Gender Equality. A matter of Justice and engine of Economic Growth

Every nation’s process of economic and social development begins with a fundamental premise: the eradication of poverty. In the African context, one of the key ways to reduce poverty rates significantly is promoting gender equality, not only as a condition, but as a powerful driver of economic growth.

Although this issue is part of many African government’s political agendas, there are still several obstacles for women’s full participation in the economic, social and political public debate. In this sense, it is essential to prioritize a set of policy measures capable of removing the structural barriers that prevent women from achieving their full potential.

To this end, the African Union proclaimed 2015 the “Year of Women’s Empowerment and Development Towards Africa’s Agenda 2063” and the African Women’s Decade. The aim was to accelerate the implementation of the commitments on gender equality and women’s empowerment on the continent.

However, one remaining issue has hindered and delayed this process. Although there are many ideas and opinions related to gender issues, actual facts are scarce and, consequently, many measures designed to combat gender inequality are not often supported by accurate and rigorous data, information and assessments.

The importance of information to promote Gender Equality

Makhtar Diop, World Bank’s former Vice-President for the African Region and current Vice-President for Infrastructure, has been a major advocate for promoting gender equality as an engine of sustainable development and for supporting policy-making and monitoring with rigorous data and statistics. This is one of the reasons why the Africa Division of the World Bank created the Africa Gender Innovation Lab in 2012. This entity is responsible of conducting impact assessments of the World Bank’s and of the various countries’ interventions on this area.

Data and statistical information on gender equality issues are of huge importance for the implementation of effective policies and measures. They are mostly fundamental, however, for transforming and emancipating mentalities by affirming the invaluable contribution of women’s participation in civil society and economy.

Gender Equality and Economy

Inequalities in the labour market are a clear example of persistent gender disparities. According to a World Economic Forum’s study, at current rates of progress it may take another 217 years to close the economic gender gap globally. Women remain concentrated at the bottom of global value chains, with lower-paying jobs and precarious contracts. As a consequence, women hold less than 20% of the seats on the boards of directors of the world’s largest companies (although 73% of global firms allegedly have equal-opportunity policies in place).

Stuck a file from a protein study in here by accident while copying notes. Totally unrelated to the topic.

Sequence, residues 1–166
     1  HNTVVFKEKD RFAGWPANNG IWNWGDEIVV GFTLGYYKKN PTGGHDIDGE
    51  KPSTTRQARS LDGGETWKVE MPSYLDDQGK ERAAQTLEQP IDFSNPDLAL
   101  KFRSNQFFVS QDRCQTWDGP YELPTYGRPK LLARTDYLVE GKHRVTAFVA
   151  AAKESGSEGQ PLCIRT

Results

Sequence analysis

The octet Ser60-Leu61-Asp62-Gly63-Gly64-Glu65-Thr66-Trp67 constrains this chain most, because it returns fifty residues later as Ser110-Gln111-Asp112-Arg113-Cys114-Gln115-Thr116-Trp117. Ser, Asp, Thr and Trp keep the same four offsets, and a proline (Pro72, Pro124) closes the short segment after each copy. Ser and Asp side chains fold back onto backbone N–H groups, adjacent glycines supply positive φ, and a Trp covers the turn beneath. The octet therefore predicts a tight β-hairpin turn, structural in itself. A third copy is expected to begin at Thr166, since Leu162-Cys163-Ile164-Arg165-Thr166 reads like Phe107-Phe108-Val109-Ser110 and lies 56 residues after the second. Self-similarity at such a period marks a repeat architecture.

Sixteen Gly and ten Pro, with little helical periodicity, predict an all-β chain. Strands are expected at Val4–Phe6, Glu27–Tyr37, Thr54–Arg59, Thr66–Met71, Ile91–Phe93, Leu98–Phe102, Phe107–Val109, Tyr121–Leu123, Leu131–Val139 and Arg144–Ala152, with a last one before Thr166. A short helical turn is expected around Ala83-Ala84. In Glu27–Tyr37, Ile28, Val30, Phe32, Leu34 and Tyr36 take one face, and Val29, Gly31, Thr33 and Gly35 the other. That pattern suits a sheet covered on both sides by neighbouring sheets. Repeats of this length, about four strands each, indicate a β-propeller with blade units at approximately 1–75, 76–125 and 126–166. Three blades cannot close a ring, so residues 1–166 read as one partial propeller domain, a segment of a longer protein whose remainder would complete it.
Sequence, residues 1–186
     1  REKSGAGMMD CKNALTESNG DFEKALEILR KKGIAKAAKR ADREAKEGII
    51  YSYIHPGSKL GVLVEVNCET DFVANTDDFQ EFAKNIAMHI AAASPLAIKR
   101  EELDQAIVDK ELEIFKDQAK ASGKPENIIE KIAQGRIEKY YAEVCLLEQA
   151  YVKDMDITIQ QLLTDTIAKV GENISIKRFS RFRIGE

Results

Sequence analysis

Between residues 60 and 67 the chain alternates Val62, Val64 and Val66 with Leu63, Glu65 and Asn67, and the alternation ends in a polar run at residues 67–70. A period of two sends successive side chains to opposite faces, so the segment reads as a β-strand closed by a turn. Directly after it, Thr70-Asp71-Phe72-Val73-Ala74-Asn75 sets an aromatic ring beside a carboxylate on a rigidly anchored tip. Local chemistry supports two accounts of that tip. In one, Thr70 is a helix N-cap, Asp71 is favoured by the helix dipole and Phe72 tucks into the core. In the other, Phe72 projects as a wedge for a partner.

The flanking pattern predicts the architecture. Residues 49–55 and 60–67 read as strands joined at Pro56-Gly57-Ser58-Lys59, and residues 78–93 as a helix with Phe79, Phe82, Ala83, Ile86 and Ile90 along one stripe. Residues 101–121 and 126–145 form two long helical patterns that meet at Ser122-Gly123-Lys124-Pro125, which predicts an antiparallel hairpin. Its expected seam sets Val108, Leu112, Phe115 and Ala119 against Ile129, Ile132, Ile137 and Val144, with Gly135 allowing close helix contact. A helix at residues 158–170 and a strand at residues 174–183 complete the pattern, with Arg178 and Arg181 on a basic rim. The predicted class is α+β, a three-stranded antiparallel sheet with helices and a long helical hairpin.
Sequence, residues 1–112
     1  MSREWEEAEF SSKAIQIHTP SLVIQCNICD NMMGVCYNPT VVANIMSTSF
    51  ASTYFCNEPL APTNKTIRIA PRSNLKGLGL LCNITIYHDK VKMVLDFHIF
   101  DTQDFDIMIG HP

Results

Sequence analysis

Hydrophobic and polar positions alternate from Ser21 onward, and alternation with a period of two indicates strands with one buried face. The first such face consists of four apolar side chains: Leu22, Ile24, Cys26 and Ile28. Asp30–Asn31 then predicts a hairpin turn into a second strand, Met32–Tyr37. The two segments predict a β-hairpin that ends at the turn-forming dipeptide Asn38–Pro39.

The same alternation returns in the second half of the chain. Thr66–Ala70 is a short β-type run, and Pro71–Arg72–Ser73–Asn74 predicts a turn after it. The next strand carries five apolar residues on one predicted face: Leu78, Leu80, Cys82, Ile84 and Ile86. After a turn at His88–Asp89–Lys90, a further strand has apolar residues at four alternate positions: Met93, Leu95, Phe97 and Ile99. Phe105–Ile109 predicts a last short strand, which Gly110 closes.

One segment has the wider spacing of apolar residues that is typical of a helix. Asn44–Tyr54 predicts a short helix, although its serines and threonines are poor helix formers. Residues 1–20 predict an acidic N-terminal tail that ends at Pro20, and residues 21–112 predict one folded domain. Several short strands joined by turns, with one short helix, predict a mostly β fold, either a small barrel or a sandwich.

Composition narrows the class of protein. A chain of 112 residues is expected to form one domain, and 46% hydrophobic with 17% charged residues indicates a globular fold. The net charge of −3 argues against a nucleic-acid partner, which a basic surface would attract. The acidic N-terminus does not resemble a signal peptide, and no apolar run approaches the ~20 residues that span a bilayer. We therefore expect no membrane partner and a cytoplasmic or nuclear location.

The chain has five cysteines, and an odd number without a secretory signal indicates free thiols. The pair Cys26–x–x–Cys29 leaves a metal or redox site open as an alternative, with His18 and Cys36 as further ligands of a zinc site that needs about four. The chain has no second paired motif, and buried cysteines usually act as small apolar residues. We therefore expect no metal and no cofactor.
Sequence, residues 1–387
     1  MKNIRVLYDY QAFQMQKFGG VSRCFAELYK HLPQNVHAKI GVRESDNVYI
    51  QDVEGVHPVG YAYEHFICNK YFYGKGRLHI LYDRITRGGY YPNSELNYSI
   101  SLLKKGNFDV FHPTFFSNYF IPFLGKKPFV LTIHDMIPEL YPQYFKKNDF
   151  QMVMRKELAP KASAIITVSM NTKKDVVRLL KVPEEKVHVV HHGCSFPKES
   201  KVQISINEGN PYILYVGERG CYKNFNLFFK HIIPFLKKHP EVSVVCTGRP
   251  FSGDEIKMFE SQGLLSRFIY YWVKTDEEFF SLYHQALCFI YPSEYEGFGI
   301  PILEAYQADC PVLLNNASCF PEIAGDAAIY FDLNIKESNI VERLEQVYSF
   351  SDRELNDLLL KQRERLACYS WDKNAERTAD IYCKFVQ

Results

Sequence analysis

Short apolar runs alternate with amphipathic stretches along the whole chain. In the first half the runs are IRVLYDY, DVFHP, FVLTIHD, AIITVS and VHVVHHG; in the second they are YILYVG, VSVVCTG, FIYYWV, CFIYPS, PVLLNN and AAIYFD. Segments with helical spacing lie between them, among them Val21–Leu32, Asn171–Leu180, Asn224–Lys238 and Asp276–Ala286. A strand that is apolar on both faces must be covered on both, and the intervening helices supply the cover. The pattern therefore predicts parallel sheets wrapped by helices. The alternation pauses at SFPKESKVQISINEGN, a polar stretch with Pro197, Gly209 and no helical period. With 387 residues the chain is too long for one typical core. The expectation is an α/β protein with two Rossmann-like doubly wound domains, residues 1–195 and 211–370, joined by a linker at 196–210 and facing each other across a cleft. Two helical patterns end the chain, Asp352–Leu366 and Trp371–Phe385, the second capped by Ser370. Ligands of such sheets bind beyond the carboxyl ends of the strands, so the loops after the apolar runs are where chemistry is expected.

Recently, in an article published by Le Monde Diplomatique, Rebeca Grynspan wrote about this topic, stating that “companies with women on their boards tend to be more successful while diverse work teams and environments solve problems with greater efficiency and depth. In this context, it is estimated that if gender disparities were overcome and women could participate equitably in the economy, 28 trillion dollars could be added to the global economy by the year 2025”.

African Women as an “untapped force for economic growth”

Currently, African women constitute the majority of workers in the informal economy and only one third of them participate in the formal sector. The constraints African women face today are a tremendous detriment to the process of socioeconomic development and inclusive growth in our continent.

According to Ernst & Young, in the seven largest African economies, the average participation of women in the labour force is 32.7%, and just over a third of women are actively involved in the production of goods and services.

These figures reveal the existence of an untapped force for economic growth. The involvement of the private sector in the promotion of gender equality in the labour market is thus fundamental.

SOICO, MOZEFO, the private sector and women’s empowerment in Mozambique

In the business context, the implementation of effective policies and measures to promote gender equality will bring a number of organizational and economic benefits. In the SOICO Group, we firmly believe gender equality is an engine for value creation and a key factor for guaranteeing business’ long-term sustainability. Thus, we have developed and implemented a set of actions aimed to promote gender equality in our organization and a national debate in our country:

  • Today we have a Board of Directors where men and women hold an equal number of positions;
  • Women lead many of our directions;
  • The management team of our foundation, FUNDASO, is composed only by women;
  • We have developed a set of contents that promote gender equality as is the case of the program “Opinião no Feminino”.

On the other hand, aware of the need for a structural transformation and the importance of social mobilization, gender equality has been a transversal theme of all of MOZEFO’s editions. The partnership with UN Women in the last edition allowed us to grant greater visibility and relevance to the subject. In the next edition, we will continue addressing gender equality and we hope to present results on the monitoring of what has been done in Mozambique during the period 2017-2019.

All around the world, in the African context and in Mozambique, sustainable development will never be possible without gender equality, not only as a condition, but as a powerful engine for inclusive and equitable economic growth. The challenge is enormous, but our commitment is unshakable.